Thursday, April 30, 2009

Make Oyster Bay Part of Your Mother's Day Plans

Oyster Bay is the place to go for all of your Mother’s Day shopping needs, a variety of special events, and finding a place to have that perfect Mother’s Day meal.

Finding that Perfect Gift
Get an early start to Mother’s Day festivities on Thursday, May 7th, at Dodds and Eder (221 South St). From 6pm to 9pm enjoy a Ladies Night and gift-buying extravaganza with special discounts and raffles for attendees. For more info, call 516-922-4412.

Nothing shows you care more than a gift of health and wellness. Come to Blue Water Spa (21 West Main St) with your mother for a spa day and mom will get 1/2 off of the cost for her massage or facial. For more info, call (516) 584-6800.

If sweets for the sweet are in order, consider The Chocolate Lady in downtown Oyster Bay (49 Audrey Ave). Here a delicious assortment of artisan crafted fine chocolates are available for mom. For more info, call (516) 922-2002.

If personal training and fitness are what your mother wants, Fitness Together (123 South St) is offering gift certificates for thee sessions for $165. For more info, call (516) 922-2300.

Healthy Living Therapeutic Spa will provide a perfect gift that's genuine and true just like your love for that special Mom in your life. When you call to make an appointment (516) 624-8244, mention this article and receive $30 off when you purchase 2 or more gift certificates of holistic healing massage, acupuncture or skin care therapy.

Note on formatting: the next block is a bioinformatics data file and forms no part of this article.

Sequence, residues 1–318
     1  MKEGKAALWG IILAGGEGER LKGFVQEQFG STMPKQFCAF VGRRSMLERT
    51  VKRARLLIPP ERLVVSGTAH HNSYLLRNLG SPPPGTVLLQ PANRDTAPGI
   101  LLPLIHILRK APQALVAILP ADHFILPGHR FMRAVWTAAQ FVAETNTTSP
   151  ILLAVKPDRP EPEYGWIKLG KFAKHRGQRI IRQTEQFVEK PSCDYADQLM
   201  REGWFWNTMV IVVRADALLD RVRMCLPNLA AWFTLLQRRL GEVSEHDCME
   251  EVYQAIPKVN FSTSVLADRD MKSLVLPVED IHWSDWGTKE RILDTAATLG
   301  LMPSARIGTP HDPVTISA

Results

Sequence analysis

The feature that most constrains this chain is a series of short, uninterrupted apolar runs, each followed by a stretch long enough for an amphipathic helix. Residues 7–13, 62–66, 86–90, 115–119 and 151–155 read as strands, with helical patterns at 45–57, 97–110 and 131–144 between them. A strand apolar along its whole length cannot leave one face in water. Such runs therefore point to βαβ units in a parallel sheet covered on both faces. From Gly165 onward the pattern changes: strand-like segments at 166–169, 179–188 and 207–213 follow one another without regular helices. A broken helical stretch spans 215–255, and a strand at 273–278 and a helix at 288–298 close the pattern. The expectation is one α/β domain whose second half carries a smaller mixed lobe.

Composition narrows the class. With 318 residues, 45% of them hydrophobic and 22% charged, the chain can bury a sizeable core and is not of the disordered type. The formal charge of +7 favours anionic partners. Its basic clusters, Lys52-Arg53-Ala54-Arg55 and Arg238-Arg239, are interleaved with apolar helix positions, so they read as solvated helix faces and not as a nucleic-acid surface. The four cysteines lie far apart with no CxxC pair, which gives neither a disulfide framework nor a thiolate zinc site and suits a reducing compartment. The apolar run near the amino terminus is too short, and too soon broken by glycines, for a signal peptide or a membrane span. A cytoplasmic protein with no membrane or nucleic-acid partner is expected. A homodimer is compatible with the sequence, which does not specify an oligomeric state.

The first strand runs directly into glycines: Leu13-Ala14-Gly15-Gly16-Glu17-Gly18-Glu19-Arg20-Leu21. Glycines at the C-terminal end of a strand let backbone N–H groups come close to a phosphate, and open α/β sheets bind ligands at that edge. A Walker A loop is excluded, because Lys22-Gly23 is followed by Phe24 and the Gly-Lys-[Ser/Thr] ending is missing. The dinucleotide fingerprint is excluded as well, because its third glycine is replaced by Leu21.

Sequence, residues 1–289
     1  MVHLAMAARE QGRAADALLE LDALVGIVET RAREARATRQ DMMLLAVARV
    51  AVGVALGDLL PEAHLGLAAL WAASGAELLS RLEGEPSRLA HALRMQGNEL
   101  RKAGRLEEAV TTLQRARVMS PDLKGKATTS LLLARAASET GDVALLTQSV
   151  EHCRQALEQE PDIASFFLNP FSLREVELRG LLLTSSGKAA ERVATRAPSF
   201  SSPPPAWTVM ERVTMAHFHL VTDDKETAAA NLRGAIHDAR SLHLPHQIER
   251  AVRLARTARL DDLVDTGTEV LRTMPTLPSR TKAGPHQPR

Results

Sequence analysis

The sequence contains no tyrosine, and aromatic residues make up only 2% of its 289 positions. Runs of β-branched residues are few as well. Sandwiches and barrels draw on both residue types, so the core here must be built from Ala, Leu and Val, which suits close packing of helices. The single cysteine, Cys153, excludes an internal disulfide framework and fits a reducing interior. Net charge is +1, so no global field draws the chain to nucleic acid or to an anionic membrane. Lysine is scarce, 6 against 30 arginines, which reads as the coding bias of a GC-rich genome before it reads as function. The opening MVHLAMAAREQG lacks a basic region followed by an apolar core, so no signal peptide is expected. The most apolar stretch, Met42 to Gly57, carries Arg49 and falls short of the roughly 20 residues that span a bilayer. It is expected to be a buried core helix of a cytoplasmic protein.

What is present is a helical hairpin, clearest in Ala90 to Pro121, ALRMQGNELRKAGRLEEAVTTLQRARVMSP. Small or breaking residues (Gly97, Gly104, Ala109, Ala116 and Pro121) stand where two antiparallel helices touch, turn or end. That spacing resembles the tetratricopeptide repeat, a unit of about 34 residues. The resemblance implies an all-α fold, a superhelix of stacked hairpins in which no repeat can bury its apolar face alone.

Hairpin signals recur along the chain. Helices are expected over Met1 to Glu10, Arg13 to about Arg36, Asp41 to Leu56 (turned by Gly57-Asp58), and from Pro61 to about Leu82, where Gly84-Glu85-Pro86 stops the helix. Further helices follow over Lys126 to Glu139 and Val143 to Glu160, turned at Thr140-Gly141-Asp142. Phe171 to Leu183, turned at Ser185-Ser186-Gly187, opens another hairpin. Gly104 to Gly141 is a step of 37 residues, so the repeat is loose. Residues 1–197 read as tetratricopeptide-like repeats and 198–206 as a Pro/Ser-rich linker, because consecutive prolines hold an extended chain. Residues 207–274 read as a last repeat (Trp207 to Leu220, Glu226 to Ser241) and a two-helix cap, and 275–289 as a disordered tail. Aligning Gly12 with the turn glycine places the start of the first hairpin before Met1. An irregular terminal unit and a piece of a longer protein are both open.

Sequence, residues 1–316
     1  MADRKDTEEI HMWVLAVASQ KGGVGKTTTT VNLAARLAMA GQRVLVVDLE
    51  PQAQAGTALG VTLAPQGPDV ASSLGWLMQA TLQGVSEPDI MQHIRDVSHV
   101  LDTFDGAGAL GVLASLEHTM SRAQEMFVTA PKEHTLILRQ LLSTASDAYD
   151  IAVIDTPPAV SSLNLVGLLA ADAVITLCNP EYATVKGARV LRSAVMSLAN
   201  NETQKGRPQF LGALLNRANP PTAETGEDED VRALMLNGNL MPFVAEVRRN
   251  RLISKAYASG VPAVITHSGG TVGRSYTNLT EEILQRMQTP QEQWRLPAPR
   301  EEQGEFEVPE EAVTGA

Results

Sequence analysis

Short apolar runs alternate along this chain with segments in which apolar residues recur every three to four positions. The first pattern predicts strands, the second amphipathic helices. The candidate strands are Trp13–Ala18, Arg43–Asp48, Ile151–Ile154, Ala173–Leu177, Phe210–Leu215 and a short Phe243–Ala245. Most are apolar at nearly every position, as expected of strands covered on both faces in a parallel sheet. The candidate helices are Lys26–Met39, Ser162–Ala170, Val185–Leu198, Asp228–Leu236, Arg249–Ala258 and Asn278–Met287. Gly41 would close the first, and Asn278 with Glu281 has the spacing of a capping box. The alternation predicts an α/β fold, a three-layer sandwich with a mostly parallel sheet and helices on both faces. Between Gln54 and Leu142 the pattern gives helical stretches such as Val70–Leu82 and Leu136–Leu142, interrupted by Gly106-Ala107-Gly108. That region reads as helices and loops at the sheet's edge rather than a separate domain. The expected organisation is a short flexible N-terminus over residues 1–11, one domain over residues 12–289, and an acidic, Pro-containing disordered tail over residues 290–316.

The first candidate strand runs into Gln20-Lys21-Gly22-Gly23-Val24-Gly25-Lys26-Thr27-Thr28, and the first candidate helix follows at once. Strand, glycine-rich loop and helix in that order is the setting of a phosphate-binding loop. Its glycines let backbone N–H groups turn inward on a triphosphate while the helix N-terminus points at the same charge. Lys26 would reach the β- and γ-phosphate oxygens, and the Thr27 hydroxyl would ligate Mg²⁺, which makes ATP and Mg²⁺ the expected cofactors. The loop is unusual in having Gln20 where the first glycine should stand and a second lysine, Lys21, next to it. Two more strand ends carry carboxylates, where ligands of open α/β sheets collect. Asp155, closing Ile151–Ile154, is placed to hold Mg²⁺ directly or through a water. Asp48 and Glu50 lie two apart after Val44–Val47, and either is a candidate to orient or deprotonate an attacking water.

Be sure to drop by Buckingham’s Variety Store (36 Audrey Ave) to get materials for your perfect Mother’s Day hat. Heritage Lace is on sale from May 4 – May 10 with a copy of this article.

Satisfy your palette at the Raynham Hall Museum (20 West Main St). Their Mother’s Day Tea from 2pm to 4pm on Saturday, May 9. This is sure to be a hit with all mothers. Tickets are $20 for members and $25 for non-members. To make your reservation, call (516) 922-6808.

Lee Perotta of Oyster Bay’s own “The Chocolate Lady” will provide a mouthwatering talk on the history of chocolate in Colonial and Victorian New York at the Raynham Hall tea.

Special Events on Mother’s Day

A variety of events will occur in Oyster Bay on Mother’s Day itself. Start your day with a free yoga class at YogaRocks! (127 South St). Yoga I will be offered at 8:30am, and Rockin’ Yoga II will start at 10am. For more info, call (516) 624-9642.

For those looking for a formal sit-down meal, many options are available. Fiddleheads (62 South St) will be providing a prix fixe Mother’s Day brunch from 12-1pm. Meals will be served on the hour at noon, 1pm, or 2pm. To make your reservation, call (516) 922-2999.

Wild Honey (1 East Main) will provide classic American food in style. To make your reservation, call (516) 922-4690.